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Ask cruise passengers about the highlight of their trip and you’ll likely hear a lot of different answers, ranging from exciting shore excursions to luxurious spa experiences. But one thing a lot of cruise passengers are especially thrilled about is the gourmet food they’re served onboard. These days, major cruise lines offer much more than just a buffet line and cafeteria. The organizers often work hard to provide passengers with a seemingly endless variety of food—including regional specialties—and stunning settings for dining.


Unfortunately, cruise passengers can’t enjoy all the fine food offerings, or anything else, for that matter, if they eat something bad and end up suffering from food poisoning for the rest of their trip. Although not a common occurrence on cruise ships, a single batch of contaminated food can affect a large number of passengers and derail the entire trip. For example, some 200 passengers and 13 crew members fell ill after eating contaminated shrimp on the Disney Magic back in 2000. Close to 100 of those passengers had to be treated in the ship’s hospital, and seven needed IVs for extreme dehydration.


Cruise lines obviously don’t want their crew and passengers to suffer from a major gastroenteritis outbreak, and they typically take every precaution they can to make sure their food is safe to eat. Read on to learn what steps cruise ships should be taking, and what you—as a passenger or crew member—can do to make sure you don’t spend the entire voyage locked in the bathroom.


How Cruise Lines Handle Food Safety


How Cruise Lines Handle Food Safety

All cruise ships are monitored by the Centers for Disease Control (CDC). In the 1970s, the CDC launched a Vessel Sanitation Program to better track and prevent gastrointestinal illnesses on cruise ships. As part of the program, the health protection agency will perform both scheduled and surprise inspections of cruise ships, investigate any gastrointestinal outbreaks, and train cruise ship employees on public health practices, including proper food handling techniques.


Everyone who works in a cruise ship kitchen or is part of the wait staff should have a food handler’s permit, and cruise lines should perform thorough background checks before hiring kitchen personnel. In addition to experienced chefs and kitchen staff members, cruise lines also typically hire public health and safety specialists who are responsible for making sure the entire crew adheres to the highest level of hygiene and safety standards.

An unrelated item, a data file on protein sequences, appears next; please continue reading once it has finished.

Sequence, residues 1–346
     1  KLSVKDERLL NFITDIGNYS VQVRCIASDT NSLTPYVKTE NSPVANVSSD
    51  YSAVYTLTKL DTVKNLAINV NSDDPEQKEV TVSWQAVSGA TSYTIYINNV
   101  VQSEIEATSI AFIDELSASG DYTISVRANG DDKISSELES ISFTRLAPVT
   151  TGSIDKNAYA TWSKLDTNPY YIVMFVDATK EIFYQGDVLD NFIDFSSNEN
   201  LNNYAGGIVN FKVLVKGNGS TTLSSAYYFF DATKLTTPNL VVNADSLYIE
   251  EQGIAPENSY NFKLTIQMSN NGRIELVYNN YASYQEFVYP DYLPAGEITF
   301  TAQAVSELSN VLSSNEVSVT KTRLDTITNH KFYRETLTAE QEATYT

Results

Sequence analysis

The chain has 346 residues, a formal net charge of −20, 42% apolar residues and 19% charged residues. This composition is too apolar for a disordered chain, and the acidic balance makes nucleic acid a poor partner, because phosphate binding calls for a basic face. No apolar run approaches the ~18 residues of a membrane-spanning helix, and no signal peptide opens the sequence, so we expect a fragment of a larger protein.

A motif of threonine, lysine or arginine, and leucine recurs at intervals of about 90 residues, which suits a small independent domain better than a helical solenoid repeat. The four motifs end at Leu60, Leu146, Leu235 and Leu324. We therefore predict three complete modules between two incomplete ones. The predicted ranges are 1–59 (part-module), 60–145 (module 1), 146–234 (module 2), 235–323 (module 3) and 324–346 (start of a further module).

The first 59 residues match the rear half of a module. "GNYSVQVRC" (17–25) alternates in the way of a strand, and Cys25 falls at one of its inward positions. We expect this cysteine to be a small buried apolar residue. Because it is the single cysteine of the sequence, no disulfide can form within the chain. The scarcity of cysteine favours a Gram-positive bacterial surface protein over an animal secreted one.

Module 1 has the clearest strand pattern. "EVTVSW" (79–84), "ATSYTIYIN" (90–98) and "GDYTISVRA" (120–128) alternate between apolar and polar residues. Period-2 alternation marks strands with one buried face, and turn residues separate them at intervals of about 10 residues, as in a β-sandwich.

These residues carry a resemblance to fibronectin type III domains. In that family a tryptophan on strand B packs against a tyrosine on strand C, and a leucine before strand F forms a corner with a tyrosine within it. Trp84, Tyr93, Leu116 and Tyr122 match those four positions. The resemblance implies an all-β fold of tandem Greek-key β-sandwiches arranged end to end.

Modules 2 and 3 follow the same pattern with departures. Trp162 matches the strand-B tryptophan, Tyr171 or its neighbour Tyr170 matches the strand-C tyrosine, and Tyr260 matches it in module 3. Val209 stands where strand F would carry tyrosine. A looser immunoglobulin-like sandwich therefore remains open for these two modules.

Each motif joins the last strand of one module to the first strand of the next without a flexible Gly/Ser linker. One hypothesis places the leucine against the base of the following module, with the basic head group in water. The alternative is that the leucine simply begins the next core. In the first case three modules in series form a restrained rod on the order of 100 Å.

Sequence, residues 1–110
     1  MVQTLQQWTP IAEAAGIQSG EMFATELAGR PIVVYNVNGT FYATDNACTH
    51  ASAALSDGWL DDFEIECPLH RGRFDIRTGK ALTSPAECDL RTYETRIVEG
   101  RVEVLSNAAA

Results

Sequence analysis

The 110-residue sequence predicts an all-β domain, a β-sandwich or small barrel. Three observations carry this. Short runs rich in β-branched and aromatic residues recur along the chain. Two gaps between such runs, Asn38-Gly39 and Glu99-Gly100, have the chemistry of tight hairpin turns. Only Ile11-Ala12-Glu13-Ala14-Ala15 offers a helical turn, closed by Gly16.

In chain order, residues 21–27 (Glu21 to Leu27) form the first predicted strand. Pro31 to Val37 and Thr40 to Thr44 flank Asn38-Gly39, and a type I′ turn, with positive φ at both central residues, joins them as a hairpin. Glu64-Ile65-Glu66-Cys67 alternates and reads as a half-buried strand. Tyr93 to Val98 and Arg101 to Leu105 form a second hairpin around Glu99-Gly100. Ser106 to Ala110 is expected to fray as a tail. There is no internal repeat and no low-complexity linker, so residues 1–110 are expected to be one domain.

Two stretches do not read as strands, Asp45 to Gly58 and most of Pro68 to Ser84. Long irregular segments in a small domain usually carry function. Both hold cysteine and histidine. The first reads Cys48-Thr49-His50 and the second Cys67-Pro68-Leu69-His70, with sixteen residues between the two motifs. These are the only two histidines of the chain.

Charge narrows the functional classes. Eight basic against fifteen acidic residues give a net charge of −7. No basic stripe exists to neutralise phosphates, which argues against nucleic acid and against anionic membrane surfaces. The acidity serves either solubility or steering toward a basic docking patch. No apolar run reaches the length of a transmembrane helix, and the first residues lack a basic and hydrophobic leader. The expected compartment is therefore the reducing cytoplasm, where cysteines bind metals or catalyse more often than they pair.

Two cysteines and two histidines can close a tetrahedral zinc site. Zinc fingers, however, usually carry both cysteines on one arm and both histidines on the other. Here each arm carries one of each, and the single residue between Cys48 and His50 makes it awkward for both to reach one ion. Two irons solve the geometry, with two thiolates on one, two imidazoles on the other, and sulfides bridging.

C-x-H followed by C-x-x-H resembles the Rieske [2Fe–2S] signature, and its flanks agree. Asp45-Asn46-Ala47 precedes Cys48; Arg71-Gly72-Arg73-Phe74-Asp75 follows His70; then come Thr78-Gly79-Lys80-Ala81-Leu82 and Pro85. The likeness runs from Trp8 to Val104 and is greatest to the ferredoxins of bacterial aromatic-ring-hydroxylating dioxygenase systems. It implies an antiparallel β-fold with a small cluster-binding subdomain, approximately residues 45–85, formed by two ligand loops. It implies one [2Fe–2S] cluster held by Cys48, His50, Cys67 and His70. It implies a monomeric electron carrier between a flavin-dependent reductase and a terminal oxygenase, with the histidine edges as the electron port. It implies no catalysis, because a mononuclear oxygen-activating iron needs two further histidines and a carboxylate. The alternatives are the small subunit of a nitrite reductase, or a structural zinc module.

What You Should Do to Stay Safe


Just because cruise lines are supposed to take food safety precautions doesn’t mean you should just sit back and assume anything you’re served while onboard is 100% safe. Don’t be afraid to send back meat or fish that appears to be undercooked, and never eat anything that you know (or suspect) it might cause an allergic reaction.


You should also watch out for perishable items that have been sitting out in the sun. For example, if your cruise ship’s outdoor buffet is offering a mayo-heavy potato salad or a cream sauce that’s been out in the sweltering heat for hours, you should take a pass—and let a crew member know that you’re concerned about the safety of the food.


Be vigilant about the food you eat when you’re on shore, as well, as the cruise line has less control over what you eat on land (even if they have an affiliated caterer or restaurant at the port). Only drink water from sealed bottles to ensure you’re not given a refill from the tap.


What to Do If You Do Get Sick


What to Do If You Do Get Sick

It’s disappointing to end up suffering gastrointestinal distress while you’re on vacation, but you shouldn’t try to push yourself to do all the activities you originally wanted to do on the trip in case you fall ill. You’ll need to see the ship’s doctor, rest, drink plenty of water, and wait the illness out. If you’ve purchased any cruise insurance, you may be able to get partial or full refund once you get back to shore. In cases where there’s a major outbreak, the cruise line itself will offer a refund.


If you suffer serious symptoms that last for more than a few days or feel that the cruise doctor mishandled your illness and made your situation worse, you may also need to contact a cruise injury lawyer. If you end up with a sickness that sends you to the hospital and leaves you with a hefty bill, the negligent cruise line should be responsible for providing compensation.


About the Author:


Andrew Winston is a partner at the personal injury law firm of The Law Office of Andrew Winston. He has been recognized for excellence in the representation of injured clients by admission to the Million Dollar Advocates Forum, is AV Rated by the Martindale-Hubbell Law Directory, and was recently voted by his peers as a Florida “SuperLawyer”—an honor reserved for the top 5% of lawyers in the state—and to Florida Trend’s “Legal Elite.” His experience in successfully handling numerous cruise ship accident cases recommends him as one of the most competent and skilled lawyer in the area of maritime personal injury law and wrongful death.